Thursday, September 19, 2013

Dysthymic Disorder Defined

Dysthymic Disorder is comparable to chronic depression, but is not as severe as Major Depressive Disorder (MDD). The main symptom of this condition is an almost daily depressed mood for a minimum of two years. Low energy, changes in sleeping and eating habits and low self-worth are generally on the list of the clinical symptoms as well.

The following behaviors are also connected with someone who has Dysthymic Disorder:

1) Changes in Thinking - Many folks experience difficulty with concentrating and making decisions. Some people have difficulty with their short term memory. Negativity, poor self-esteem, too much guilt, and self-criticism are common as well.

2) Changes in Feelings - A number of folks say they feel gloomy for no good reason or that they no longer like activities they once found to be pleasing. Some feel exhausted and run down constantly. At times irritability and a short-temper are issues as well. Frequently, Dysthymic disorder brings on feelings of helplessness and hopelessness.

3) Becoming Reclusive - Suddenly becoming ill at ease around other folks. Some people experience a change in appetite - either overeating or losing their appetite. Unremitting sadness and weeping jags are not uncommon. And others may blow up in anger unexpectedly for reasons unknown at others, grumble about every little thing. Loss of sexual appetite and - in extreme cases - some folks stop bathing and brushing their hair for weeks.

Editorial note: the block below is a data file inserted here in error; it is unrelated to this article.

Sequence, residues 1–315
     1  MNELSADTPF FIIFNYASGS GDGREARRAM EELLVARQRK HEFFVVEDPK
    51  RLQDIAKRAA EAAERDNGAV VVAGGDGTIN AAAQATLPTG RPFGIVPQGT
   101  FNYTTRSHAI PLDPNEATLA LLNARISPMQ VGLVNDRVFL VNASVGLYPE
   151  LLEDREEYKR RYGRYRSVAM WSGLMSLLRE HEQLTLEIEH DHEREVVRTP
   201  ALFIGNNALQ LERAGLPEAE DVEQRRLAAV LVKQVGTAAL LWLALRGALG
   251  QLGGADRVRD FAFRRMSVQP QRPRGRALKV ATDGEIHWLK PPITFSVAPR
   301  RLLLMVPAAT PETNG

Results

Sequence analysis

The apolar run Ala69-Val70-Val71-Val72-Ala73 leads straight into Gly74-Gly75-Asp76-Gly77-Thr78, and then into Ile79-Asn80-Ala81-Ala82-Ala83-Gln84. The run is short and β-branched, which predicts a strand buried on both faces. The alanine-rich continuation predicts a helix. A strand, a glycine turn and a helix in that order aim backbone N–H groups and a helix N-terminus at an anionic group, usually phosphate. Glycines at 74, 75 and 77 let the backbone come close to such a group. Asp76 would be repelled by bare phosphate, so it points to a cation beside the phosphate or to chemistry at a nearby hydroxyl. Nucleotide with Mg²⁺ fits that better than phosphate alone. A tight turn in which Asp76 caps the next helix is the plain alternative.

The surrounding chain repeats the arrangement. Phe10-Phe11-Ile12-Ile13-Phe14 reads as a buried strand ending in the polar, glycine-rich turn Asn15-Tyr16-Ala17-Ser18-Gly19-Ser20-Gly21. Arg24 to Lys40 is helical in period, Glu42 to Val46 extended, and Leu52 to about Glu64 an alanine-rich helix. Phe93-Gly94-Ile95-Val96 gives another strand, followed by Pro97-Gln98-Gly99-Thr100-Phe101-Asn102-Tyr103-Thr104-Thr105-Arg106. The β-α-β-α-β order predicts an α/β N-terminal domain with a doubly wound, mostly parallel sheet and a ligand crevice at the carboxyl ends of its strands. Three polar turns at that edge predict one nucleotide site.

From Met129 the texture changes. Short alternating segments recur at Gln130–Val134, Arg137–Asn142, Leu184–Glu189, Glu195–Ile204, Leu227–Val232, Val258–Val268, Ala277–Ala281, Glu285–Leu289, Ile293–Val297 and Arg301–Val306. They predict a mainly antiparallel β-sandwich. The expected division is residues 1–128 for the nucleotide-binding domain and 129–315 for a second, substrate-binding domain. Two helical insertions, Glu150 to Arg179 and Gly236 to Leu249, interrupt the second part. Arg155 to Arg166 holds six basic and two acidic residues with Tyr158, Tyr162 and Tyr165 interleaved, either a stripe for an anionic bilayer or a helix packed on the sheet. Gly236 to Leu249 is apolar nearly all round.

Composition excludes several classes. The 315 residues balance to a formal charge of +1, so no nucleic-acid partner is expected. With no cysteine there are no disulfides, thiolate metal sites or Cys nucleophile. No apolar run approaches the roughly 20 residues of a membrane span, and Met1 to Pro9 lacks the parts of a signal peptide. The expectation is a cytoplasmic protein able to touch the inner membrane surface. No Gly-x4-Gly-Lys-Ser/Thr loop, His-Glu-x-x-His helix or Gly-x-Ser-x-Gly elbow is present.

4) Changes in Physical Well-being - unremitting fatigue is common, despite spending more hours sleeping... Some folks can't fall asleep, or don't sleep well. They lay awake for hours, or awaken several times in the night. Others sleep lots of hours, even most of the day, but still feel tired. A number of people lose their appetite, feel slowed down by depression, and complain of a variety of aches and pains.

Treating Dysthymic Disorder

Psychiatric treatment is often good at treating the symptoms of Dysthymic Disorder - in spite of its obvious long-term nature. Some people get better with antidepressant medication and psychiatric treatment together - similar to traditional chronic depression treatments.

Second, cognitive therapy is used to amend the pessimistic ideas, foolish expectations, and excessive self-criticism that not only cause the depression but help to prolong it. Cognitive therapy can help a depressed person be able to identify which of life's problems are serious and which are minor. Plus it helps them learn how to deal with and accept those normal life setbacks that inevitably arise from time to time - which can't be changed and have to be faced.

Third, problem solving therapy is frequently needed to adjust the parts of the individual's life that are causing considerable stress, and contributing to the depression. The ultimate purpose of behavioral therapy is to help the patient cultivate better coping techniques, while interpersonal therapy can help them in working with and resolving their relationship conflicts.

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